Once upon a time I worked in a lovely place where I negotiated a four-day week. The reason I chose to give up a fifth of my precious salary was so I could stay at home and write for one whole beautiful day a week.
Because I didn’t want to be in the lovely place long-term. Because I knew I was meant to be a writer. Because then I could have a perfect writing day every week.
So Mondays were my writing days. I had at least five years where I didn’t work on a Monday. That’s 260 days – I checked. In that time, would you like to know how many novels I completed?
None. Not a single one.
Never mind. It’s not easy writing a novel. (Fun fact – Ladies of the Club took Helen Hooven Santmyer over 50 years to write!) So – how about how many writing projects I completed?
OK. What were my other achievements from my Mondays off?
Yup. We’re still at none. (Unless shopping and daytime TV count? No. Didn’t think so, but worth a shot, eh?)
And why didn’t I achieve anything? Because I hadn’t learnt probably one of the most important lessons I’ve ever learnt.
Done is better than perfect.
Do you know how long it took me to get the format and first draft of Coping with the Horroffice done? A month. One month. ONE. That’s only thirty of my precious Mondays off. I’d still have had 230 left to play with! Numerous redrafts later, it’s still not perfect but it is done. Done enough to be ready for a copy-edit. And that’s four months down the line, some of it whilst in a full-time job.
It all changed when I realised that waiting for inspiration wasn’t getting me anywhere. I was always waiting for the perfect day, the perfect time, the perfect story. And it never all came together. it’s possible that if I waited long enough it would have happened. But how long would that have taken? And then I’d have to wait for the next perfect moment to move things on.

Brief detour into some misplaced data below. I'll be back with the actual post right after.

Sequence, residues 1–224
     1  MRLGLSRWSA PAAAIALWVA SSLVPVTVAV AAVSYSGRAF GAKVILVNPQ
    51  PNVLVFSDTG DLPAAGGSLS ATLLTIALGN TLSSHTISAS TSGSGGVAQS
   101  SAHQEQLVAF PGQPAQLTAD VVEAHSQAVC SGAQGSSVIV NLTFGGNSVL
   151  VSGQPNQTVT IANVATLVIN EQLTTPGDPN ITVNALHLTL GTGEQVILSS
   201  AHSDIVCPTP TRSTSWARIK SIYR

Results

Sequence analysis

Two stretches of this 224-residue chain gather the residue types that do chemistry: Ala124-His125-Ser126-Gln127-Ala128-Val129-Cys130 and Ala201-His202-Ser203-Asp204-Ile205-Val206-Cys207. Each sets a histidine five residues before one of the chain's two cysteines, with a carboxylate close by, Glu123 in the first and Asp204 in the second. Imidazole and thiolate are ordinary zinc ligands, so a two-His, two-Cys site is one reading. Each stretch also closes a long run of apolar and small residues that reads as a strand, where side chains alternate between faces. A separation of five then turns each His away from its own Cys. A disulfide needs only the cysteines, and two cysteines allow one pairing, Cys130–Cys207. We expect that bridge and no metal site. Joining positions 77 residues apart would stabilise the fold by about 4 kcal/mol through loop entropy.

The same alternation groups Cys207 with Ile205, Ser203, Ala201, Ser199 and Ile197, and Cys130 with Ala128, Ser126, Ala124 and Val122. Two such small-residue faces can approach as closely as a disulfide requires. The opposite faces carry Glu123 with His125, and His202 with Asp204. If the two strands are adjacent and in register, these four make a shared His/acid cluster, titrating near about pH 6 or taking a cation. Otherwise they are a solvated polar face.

When I sent my book out for feedback I realised that most people don’t see the imperfections I see. Yes, there are things they raised, that I needed to work on. That’s what feedback is for. But the point is it was feedback on something I had done. In their eyes the book was completed, ready, it just needed some tweaks.
It was the same thing with the garden (on a smaller ‘life-story’ scale obviously!) – (check it out here). I spent ages waiting for the perfect day, or for a perfectly affordable quote, or for a perfectly free day. None of those things happened and my garden was a no-go zone for over four months. The whole of summer. Yesterday I finally did it myself. It’s messy and there’s more to do but it is done. The pooch and I can now wander around the whole garden not just the outskirts. Done is better than perfect.
So when you look at what’s important to you, is there anything you can just get done, even if you know it’s not done perfectly?
Because done is better than perfect, and perfectly undone is worse than useless.